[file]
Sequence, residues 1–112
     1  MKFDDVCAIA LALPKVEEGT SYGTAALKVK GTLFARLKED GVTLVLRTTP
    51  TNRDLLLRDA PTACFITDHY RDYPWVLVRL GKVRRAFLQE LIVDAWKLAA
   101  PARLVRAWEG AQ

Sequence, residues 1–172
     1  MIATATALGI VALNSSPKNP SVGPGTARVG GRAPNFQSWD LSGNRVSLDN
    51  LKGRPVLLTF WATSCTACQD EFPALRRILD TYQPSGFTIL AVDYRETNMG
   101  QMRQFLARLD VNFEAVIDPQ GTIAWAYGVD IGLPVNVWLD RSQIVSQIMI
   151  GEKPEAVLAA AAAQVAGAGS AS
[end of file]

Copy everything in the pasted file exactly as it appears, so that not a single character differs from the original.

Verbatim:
Sequence, residues 1–112
     1  MKFDDVCAIA LALPKVEEGT SYGTAALKVK GTLFARLKED GVTLVLRTTP
    51  TNRDLLLRDA PTACFITDHY RDYPWVLVRL GKVRRAFLQE LIVDAWKLAA
   101  PARLVRAWEG AQ

Sequence, residues 1–172
     1  MIATATALGI VALNSSPKNP SVGPGTARVG GRAPNFQSWD LSGNRVSLDN
    51  LKGRPVLLTF WATSCTACQD EFPALRRILD TYQPSGFTIL AVDYRETNMG
   101  QMRQFLARLD VNFEAVIDPQ GTIAWAYGVD IGLPVNVWLD RSQIVSQIMI
   151  GEKPEAVLAA AAAQVAGAGS AS